Mark Su recently built a tiny house on wheels for him and his girlfriend. You can read the complete narrative article about his 317 square-foot home here. However, Mark's experience shows that learning the technical knowledge about building a tiny house on wheels is only half the challenge. 

Once you have built the home, you need to find places to put the house legally. According to Mark, “tiny homes on wheels are a fairly new phenomenon. The bylaws and building codes have not kept up with this new phenomenon. We found most municipalities will outright reject the idea simply because it is not written in the bylaws, and no building code defines it.”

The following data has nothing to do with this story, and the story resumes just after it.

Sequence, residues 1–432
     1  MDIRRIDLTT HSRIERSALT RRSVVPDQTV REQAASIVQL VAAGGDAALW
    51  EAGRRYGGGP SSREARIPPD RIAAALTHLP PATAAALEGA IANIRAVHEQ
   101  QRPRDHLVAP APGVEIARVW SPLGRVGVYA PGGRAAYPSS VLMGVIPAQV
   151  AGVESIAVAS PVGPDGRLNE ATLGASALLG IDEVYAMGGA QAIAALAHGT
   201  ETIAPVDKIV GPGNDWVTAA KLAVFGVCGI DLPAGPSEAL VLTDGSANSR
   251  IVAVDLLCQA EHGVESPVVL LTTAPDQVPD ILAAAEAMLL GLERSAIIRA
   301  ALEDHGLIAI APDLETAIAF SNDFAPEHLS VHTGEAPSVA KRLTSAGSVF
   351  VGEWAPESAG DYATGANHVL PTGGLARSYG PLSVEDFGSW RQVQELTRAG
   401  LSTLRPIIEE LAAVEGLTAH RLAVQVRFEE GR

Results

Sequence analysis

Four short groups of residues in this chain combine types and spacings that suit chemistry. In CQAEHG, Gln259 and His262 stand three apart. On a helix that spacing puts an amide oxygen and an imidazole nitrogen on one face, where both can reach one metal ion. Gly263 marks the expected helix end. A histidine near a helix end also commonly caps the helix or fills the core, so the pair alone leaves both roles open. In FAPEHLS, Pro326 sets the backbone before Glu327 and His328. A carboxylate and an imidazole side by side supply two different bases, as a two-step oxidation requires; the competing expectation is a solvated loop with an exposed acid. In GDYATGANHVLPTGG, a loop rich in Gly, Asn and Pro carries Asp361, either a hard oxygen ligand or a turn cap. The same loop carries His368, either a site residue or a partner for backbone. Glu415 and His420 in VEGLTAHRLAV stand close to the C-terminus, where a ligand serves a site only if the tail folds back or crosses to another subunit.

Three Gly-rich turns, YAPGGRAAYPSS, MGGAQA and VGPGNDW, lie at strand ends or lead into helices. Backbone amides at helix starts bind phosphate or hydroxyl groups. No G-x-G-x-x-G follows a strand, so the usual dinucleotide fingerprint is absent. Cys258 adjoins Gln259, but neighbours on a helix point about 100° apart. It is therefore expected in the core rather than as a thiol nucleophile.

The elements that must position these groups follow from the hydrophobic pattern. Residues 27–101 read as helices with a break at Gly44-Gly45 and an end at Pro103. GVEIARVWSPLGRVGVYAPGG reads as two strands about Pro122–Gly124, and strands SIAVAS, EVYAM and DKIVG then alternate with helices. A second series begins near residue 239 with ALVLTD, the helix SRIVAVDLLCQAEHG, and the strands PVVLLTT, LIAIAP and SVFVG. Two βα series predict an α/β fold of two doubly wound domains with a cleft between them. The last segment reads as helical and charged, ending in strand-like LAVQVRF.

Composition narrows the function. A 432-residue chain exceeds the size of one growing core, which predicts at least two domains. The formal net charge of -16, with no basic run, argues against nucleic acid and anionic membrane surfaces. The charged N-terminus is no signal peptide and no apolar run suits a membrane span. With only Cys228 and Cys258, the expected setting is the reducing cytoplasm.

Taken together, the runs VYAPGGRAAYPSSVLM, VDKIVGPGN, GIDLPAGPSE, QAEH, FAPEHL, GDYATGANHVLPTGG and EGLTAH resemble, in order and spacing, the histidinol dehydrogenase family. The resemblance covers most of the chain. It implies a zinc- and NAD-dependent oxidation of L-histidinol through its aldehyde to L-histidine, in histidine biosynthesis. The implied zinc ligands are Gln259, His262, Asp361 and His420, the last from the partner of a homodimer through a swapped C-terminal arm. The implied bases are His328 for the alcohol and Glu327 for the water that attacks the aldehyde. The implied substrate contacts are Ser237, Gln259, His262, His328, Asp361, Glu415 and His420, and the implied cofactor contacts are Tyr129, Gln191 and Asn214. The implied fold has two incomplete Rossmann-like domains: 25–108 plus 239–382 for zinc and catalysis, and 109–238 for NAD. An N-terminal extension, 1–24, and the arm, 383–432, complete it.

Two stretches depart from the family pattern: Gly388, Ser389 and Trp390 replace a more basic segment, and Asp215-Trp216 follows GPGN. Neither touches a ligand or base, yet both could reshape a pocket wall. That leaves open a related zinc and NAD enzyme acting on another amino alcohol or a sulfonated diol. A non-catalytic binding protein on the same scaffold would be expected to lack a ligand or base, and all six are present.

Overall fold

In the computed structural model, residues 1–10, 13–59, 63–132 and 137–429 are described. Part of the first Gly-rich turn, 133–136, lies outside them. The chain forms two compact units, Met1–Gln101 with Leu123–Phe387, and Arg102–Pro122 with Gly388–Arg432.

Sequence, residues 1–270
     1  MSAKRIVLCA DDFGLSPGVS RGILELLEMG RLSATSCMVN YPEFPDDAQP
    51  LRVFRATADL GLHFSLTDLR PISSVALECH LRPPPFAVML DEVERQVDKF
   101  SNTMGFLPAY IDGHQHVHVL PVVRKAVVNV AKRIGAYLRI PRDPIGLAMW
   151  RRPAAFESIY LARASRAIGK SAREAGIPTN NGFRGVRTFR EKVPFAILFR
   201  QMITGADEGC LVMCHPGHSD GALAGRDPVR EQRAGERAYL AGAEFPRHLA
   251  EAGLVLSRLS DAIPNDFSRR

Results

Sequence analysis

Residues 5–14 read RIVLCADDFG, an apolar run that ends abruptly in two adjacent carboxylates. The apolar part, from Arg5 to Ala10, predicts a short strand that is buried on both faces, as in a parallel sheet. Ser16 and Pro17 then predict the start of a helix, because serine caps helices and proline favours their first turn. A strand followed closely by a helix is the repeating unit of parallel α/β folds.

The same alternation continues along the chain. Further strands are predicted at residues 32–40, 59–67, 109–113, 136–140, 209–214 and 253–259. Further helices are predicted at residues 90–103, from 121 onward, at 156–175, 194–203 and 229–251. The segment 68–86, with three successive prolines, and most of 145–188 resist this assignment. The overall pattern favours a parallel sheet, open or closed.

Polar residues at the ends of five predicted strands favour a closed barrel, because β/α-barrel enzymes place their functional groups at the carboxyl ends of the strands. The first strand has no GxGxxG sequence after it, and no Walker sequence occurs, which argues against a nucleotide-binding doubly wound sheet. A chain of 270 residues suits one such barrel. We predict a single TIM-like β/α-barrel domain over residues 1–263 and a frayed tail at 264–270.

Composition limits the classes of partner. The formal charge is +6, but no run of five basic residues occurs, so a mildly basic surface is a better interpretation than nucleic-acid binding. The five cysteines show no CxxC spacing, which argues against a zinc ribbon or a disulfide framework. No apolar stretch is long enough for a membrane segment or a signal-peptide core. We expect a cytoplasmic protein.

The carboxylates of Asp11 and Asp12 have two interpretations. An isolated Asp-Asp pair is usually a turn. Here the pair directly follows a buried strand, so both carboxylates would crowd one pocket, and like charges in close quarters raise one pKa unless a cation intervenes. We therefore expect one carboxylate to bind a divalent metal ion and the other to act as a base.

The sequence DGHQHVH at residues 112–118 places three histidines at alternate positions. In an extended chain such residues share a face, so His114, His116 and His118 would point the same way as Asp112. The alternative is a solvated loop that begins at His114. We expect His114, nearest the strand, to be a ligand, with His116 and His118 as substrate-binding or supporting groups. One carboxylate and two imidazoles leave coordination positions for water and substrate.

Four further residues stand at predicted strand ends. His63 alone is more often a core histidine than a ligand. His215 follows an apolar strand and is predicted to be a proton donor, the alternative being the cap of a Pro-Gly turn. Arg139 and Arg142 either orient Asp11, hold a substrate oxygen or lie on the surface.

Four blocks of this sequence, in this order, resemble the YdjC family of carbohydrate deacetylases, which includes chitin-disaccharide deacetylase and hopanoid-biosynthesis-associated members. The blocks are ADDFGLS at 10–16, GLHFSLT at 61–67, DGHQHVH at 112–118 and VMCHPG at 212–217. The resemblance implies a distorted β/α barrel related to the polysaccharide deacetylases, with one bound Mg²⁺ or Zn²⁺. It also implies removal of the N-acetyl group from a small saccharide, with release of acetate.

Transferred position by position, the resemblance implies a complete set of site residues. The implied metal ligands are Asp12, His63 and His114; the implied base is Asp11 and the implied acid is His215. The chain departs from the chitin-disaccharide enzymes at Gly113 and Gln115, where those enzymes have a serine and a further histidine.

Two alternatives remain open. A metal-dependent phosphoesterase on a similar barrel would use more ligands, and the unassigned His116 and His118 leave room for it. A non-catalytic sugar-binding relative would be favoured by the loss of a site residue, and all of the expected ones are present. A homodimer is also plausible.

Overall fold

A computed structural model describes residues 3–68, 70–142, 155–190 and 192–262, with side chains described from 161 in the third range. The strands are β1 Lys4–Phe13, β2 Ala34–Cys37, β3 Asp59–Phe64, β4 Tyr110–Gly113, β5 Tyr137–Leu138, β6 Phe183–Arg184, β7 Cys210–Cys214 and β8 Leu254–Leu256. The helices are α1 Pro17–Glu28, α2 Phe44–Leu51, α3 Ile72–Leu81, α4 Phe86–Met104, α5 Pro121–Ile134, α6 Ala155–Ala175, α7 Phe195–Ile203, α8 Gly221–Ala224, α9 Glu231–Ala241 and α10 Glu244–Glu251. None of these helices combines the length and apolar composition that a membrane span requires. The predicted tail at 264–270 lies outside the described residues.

Mark was kind enough to share a few words of wisdom related to the challenges associated with finding ways to live lawfully in the tiny house on wheels you eventually build.

Mark Su's tiny home
Photo courtesy of Mark Su

What are some of the challenges of moving a tiny home from one place to the next?

When we moved our home from the building site to a trailer park, we rented a 1-ton pickup and had a family member with an A license to tow it the short distance. However, if you plan to move it a long distance, I would suggest finding someone professional to tow it. When we moved it 450km from Toronto to Gatineau, we found someone local to move it without issue.

Where do you park your tiny home?